Legal Help with Disciplinary Hearing

Get Legal Help with Disciplinary Hearing Procedures in South Africa

The employee may only have legal representation at a disciplinary hearing if the employer agrees to it. However, the employee may still seek legal help with disciplinary hearing proceedings. In the instance where the employee is allowed legal representation, the employer will in most instances also have legal representation.

What are the rights of the employee?

The employee should be given a reasonable time to respond to the allegations and enough time to prepare for the disciplinary hearing. This is where it becomes beneficial to have legal help, as the attorneys will assist in proper preparation for the employee’s defence.

According to Schedule 8 of the Labour Relations Act, the employer cannot just dismiss the employee for misconduct. A thorough investigation must be conducted to determine if the employee’s conduct offers enough grounds for disciplinary action and subsequent dismissal. It must be noted that the enquiry doesn’t have to be formal.

Although the employee is not necessarily entitled to legal help with disciplinary proceedings, the employee may have a trade union representative or another employee assist in preparation and defence.

Procedural fairness requirements include notification of the allegations in an understandable format, reasonable time to prepare a defence against the allegations, opportunity to state the defence during the disciplinary hearing and the right to be assisted by a fellow employee, trade union representative or where allowed, obtain legal help. The employee must be informed about the disciplinary sanction decision and be given clear reasons for the dismissal, while the employer must also ensure that full records are kept regarding the disciplinary actions taken and for what reasons, as well as details regarding the misconduct.

What Happens after the Disciplinary Hearing?

If the allegations against the employee are proven to be true and warrant dismissal, the employer must provide the reason for the dismissal and should inform the employee of his/her right to appeal to the Commission or a relevant Council or rights according to dispute resolution procedures where a relevant collective agreement is in place.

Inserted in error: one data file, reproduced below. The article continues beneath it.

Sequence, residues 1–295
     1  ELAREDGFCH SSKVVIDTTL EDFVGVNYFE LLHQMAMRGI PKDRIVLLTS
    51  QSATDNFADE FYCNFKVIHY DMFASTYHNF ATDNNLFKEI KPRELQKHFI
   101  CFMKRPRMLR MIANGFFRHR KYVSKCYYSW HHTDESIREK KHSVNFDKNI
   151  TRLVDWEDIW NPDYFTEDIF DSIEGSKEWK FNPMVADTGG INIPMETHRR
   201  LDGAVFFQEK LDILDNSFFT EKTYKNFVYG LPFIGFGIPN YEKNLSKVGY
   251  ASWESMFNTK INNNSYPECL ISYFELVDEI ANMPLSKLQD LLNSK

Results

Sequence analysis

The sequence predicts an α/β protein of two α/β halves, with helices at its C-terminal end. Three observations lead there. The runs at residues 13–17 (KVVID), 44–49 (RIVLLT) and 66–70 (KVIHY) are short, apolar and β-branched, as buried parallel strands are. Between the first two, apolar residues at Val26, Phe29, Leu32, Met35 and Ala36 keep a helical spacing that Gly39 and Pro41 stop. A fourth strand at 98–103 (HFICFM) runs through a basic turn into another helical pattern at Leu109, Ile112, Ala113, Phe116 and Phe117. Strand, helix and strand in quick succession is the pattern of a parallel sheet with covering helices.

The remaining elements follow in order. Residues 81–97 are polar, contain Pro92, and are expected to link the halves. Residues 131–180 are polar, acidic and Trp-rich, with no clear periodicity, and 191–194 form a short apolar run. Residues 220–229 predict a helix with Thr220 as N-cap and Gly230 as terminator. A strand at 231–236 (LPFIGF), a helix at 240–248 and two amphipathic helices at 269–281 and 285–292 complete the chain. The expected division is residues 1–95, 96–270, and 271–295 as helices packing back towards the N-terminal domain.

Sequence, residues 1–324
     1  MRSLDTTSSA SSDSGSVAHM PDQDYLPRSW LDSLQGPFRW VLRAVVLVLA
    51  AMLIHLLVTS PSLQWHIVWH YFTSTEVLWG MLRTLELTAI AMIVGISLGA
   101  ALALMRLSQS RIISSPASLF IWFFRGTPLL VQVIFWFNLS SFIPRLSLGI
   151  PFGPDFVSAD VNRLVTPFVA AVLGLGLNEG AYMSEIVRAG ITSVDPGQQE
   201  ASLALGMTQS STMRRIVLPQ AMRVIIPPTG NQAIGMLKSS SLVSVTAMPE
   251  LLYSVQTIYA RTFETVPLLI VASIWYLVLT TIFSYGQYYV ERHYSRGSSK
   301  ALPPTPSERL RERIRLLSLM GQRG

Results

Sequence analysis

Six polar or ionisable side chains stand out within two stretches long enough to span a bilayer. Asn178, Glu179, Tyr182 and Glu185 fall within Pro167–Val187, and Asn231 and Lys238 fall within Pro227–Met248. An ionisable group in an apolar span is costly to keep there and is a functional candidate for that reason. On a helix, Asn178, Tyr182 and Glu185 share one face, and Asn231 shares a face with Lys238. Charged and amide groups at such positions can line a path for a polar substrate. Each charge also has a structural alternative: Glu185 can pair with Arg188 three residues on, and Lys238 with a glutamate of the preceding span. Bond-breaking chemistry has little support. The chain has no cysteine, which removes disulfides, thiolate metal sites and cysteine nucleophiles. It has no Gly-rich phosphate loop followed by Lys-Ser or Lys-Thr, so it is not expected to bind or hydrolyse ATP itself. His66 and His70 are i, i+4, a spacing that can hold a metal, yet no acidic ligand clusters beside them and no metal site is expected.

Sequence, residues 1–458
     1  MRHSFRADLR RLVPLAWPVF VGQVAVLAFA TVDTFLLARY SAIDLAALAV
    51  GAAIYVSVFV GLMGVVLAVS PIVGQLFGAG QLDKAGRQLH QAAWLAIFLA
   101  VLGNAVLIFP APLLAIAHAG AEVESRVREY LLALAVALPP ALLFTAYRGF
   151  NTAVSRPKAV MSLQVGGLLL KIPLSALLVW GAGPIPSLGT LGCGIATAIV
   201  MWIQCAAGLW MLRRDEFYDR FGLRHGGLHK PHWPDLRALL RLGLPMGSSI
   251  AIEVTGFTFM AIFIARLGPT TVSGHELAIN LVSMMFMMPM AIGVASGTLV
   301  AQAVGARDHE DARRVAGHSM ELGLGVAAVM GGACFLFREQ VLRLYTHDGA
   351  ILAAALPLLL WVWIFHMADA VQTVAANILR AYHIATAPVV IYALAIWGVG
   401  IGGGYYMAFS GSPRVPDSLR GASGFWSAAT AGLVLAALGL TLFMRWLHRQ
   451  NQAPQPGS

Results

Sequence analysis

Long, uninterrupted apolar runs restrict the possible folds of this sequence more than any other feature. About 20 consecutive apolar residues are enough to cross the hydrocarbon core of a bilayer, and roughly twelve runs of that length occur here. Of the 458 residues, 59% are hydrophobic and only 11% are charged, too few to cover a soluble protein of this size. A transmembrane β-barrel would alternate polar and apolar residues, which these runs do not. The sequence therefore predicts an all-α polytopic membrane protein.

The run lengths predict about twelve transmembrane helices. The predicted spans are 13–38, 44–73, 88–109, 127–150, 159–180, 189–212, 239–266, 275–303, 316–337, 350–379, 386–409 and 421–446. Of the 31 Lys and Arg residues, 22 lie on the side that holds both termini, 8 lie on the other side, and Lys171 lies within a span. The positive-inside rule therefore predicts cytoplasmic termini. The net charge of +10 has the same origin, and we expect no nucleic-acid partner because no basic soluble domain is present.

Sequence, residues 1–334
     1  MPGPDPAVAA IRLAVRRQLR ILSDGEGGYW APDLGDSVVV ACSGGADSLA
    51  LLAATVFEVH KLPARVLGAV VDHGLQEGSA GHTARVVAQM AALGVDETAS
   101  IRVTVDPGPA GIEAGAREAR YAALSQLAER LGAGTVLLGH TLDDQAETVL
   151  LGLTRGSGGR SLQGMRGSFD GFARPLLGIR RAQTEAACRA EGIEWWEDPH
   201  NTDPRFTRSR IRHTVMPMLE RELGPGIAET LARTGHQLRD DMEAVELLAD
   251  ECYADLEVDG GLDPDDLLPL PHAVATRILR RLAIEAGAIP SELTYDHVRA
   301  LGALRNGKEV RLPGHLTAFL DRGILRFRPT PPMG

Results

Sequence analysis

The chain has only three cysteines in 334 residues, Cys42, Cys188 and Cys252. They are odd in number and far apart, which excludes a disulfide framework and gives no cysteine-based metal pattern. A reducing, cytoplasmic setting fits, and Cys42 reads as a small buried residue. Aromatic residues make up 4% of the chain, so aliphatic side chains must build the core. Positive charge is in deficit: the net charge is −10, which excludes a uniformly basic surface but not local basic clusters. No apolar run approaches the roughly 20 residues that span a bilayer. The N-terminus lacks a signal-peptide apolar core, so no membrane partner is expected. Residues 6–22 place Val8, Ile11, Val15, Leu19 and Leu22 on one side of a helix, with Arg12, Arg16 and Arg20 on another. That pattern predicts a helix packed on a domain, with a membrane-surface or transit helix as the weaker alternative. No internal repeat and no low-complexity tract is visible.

The Nature of the Disciplinary Hearing

Note that the employer only has to provide the employee with a fair chance to state his/her defence against the allegations. As such, the hearing does not have to take on a court character. Informal disciplinary hearings are far more common in the workplace. Where the employer has their disciplinary procedures then such can be followed. However, where an employer does not have their own procedures in place, the employer must follow the rules set out in the LRA and should apply such consistently to all employees regarding any form of misconduct.

The LRA allows for three reasons to dismiss an employee:

  • Incapacity of the employee.
  • Misconduct by the employee.
  • Operational needs of the employer.


Even if the dismissal is done for one of the above reasons, the employer must still follow the correct procedure. It is essential for the disciplinary hearing Chairperson to determine whether or not the employer has followed fair procedure regarding the disciplinary hearing and the dismissal.

How the Chairperson Determines Fairness in Procedure

The Chairperson should review the evidence submitted to determine whether the accused employee is indeed guilty or whether the person is innocent regarding the allegations brought against him/her. Should the Chairperson find that the employee is guilty, it is the Chairperson’s responsibility to decide on a sanction only after having considered all factors.

It is imperative that the Chairperson first review the process followed from the initial allegations to the closure of the hearing to determine whether the employer has followed fair procedure. Part of this process entails reviewing whether the employee has been given enough opportunity to examine documents, prepare for the hearing, had been given fair chance to state his/her defence and whether the employee understood the allegations. In addition, the Chairperson should review the notification of the allegations. Only after the Chairperson reviewed the above, can he/she consider the evidence presented in support of the allegations and in defence against such allegations.

Once the Chairperson has done the above, then only can the Chairperson decide on a relevant sanction if the employee is found guilty. As part of this process, the Chairperson must consider factors such as the disciplinary record of the employee, the period of employment, consistency of the sanction in relation to similar conduct, the employee’s personal circumstances, and also the circumstances surrounding the misconduct or incapacity of the employee.

Contact Allardyce & Partners at or on 011 234 2125 for legal help with disciplinary hearing representation or Chairing.


NB this article is for information purposes only and does not constitute legal advice. You are advised to consult with us before using/relying on this information.

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